Gymnast Chiara Andrew quickly climbing amateur ladder
EDITOR’S NOTE: This is the first part of a two-part series on Arizona Dreams Gymnastics Academy in Prescott Valley.
PRESCOTT VALLEY — Ten-year-old gymnast Chiara Andrew possesses one of those rare athletic gifts that you can’t quantify.
Work ethic? Check. Demeanor? Check. Personality? Check. Talent? Check. Toughness? Check.
From a young age, Chiara (pronounced KEE-are-UH) could complete front flips by simply watching and copying others. She could perform splits and painful maneuvers which her peers would have to work hard at to achieve.
“She never tires, she never gets scared — nothing ever hurts,” veteran Arizona Dreams Gymnastics Academy coach Heather Davis recently said of Andrew. “It’s just different than other children when she started right at 4 years old.”
And yet not everything has been a bed of roses for Chiara, a six-year gymnast at Arizona Dreams. She still labors as diligently as anyone in the gym, even if it may not always seem apparent.
Last winter, Chiara overcame a stress fracture in her right arm to become the only Arizona gymnast in the 8- to 10-year-old age group to qualify for both USA Gymnastics’ prestigious National TOPS (Talent Opportunity Program) Testing and the TOPS ‘A’ National Team.
Chiara made the 50-member cut on the ‘A’ Team among a field of thousands of gymnasts from across the U.S. She was one of just three Arizona girls who attended National TOPS Testing.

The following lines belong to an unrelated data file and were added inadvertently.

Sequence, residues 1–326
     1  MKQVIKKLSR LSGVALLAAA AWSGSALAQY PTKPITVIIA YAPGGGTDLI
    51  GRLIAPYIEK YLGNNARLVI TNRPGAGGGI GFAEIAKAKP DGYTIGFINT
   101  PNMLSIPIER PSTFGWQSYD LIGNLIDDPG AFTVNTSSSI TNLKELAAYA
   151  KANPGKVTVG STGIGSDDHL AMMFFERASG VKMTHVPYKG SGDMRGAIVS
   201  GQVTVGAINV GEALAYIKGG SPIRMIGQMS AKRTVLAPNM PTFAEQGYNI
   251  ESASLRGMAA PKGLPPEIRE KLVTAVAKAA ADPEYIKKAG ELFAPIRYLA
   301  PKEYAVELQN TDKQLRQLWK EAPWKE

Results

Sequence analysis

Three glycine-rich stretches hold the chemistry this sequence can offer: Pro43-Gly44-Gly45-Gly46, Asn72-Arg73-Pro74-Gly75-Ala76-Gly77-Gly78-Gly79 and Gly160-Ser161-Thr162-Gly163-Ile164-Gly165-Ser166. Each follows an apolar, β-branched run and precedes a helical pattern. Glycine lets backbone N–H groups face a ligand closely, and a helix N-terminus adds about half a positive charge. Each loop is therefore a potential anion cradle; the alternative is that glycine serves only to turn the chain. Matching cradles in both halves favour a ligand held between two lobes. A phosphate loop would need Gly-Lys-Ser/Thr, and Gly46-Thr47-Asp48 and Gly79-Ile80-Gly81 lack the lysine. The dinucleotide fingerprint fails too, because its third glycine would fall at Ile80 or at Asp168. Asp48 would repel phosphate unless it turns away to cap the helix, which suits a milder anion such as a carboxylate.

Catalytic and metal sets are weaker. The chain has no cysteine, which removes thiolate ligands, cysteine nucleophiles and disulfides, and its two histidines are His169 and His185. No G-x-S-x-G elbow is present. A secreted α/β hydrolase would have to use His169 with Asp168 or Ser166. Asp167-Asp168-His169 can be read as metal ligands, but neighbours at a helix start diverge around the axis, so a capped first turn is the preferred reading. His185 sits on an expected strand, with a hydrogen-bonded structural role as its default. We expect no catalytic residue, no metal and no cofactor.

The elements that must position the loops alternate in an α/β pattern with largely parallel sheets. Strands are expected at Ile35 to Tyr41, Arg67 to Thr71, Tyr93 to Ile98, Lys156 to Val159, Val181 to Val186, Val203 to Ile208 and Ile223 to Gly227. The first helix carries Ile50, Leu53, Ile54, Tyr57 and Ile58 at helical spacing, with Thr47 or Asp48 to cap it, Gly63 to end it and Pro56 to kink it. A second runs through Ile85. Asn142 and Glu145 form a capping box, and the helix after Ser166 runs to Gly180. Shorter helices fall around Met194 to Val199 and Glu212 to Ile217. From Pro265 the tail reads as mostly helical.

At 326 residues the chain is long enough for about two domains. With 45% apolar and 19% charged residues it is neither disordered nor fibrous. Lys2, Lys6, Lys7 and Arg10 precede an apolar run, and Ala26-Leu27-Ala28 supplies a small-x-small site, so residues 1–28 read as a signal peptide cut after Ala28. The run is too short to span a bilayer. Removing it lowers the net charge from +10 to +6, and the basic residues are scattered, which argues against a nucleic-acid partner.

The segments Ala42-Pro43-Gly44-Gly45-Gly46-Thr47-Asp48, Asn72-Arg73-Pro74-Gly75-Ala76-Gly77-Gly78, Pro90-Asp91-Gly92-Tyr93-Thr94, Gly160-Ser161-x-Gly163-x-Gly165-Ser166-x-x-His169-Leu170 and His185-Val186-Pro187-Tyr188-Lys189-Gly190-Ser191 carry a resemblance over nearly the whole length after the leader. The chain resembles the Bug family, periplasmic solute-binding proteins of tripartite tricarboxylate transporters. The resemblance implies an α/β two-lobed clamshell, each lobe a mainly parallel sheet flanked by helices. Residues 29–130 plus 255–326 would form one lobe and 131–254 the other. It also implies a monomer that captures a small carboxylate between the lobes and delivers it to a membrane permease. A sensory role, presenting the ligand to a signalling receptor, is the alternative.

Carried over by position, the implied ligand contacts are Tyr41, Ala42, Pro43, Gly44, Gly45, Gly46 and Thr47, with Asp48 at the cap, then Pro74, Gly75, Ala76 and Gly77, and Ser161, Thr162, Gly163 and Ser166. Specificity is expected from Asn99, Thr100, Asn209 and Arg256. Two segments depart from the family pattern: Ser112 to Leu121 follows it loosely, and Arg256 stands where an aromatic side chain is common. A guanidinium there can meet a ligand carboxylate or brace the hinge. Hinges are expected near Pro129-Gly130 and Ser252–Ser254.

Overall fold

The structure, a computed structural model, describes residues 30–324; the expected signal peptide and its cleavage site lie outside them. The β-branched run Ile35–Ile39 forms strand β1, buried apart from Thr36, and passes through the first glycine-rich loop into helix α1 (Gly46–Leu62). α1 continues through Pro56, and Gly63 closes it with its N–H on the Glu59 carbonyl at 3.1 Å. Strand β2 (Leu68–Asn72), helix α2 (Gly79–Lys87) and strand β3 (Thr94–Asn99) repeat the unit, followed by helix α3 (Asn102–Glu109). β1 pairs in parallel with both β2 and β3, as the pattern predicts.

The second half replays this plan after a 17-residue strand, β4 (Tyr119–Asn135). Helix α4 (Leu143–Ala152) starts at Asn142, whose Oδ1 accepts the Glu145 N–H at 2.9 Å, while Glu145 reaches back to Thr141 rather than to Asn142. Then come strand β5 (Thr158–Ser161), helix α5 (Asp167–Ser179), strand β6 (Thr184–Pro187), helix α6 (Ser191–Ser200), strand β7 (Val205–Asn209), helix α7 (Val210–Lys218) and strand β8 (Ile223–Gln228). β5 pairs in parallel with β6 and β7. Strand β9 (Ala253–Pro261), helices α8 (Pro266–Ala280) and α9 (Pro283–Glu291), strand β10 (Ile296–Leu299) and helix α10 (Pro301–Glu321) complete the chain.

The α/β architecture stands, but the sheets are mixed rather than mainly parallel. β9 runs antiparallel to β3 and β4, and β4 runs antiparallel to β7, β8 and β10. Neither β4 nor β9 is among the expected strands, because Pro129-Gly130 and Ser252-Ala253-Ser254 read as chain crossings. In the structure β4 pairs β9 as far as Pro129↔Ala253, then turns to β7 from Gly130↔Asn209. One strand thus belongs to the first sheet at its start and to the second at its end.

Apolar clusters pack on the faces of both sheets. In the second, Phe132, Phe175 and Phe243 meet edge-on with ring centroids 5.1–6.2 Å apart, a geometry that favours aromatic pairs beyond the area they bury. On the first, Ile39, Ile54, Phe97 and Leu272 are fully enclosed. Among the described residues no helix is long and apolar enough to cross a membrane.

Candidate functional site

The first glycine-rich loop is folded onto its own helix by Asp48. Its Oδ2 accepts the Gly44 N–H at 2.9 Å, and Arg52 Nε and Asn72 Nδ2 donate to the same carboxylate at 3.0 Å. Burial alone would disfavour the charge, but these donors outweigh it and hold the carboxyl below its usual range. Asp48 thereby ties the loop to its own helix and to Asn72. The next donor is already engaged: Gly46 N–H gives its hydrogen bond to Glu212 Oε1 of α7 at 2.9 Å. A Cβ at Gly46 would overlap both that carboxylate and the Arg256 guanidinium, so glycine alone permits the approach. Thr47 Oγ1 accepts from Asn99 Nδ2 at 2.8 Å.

There’s little wonder why Chiara’s so good. She’s known for begging her mom, Summer Andrew, to work out four and five hours at a time several days a week.
“She will never miss gym,” Summer said. “She’s been putting in 20 hours a week since she was 6 years old. I would have to tell her when it was enough. It can be a thing of pushing too much.”
Davis said Chiara’s work ethic has been a staple in her everyday routine.
“That, for her, was part of why she progressed so quickly – because she just wanted to do more than the average kid at 5 and 6 years old,” Davis added.
Chiara suffered the stress fracture due to overuse the summer after she won the 2014 state beam championship at Level 7 and qualified for Regionals. She was the youngest Level 7 gymnast (age 7) at the regional meet, which includes athletes from Arizona, California, Utah and Nevada.
“She had to stay off of her arm for three months and had lost a lot of the things [skills] that they [USA Gymnastics] test on,” said Summer, who like Davis is a USA Gymnastics-certified coach. “She had to work so hard. She was so determined and just kept going. She didn’t know how it would work out.”
Added coach Davis, “You never saw her feeling sorry for herself — participating in any of the conditioning or whatever it was that she could do. And if there was something that she couldn’t do, then she would immediately go and find conditioning that she could do with her legs.”
However, Chiara, currently a Level 8 gymnast, soon recovered. She now practices an average of 28-30 hours per week at the Arizona Dreams gym, 7175 E. 2nd St. in Prescott Valley. During the summer of 2016, she’ll be aspiring to even loftier heights in her push to become an Elite gymnast.
Chiara is training for Level 9, and her goal is to be a HOPES Elite gymnast, which would lead her on the path toward being a Junior Elite gymnast.
Level 10 is a step below Elite, the highest rung in gymnastics reserved for Olympic athletes.
“I love it. I’m good at it,” Chiara said of gymnastics. “I try to smile [on the tough days].”
In 2014, while she was injured, Chiara learned three new skills required to become a HOPES Elite gymnast, including the front aerial, side aerial and back tuck on the beam, before undergoing therapy.
“It wasn’t that hard – we immediately started focusing on what she could do,” Summer said of her daughter’s recovery process. “When she got stuck in workouts, we checked the list she made and moved easily through the injury.”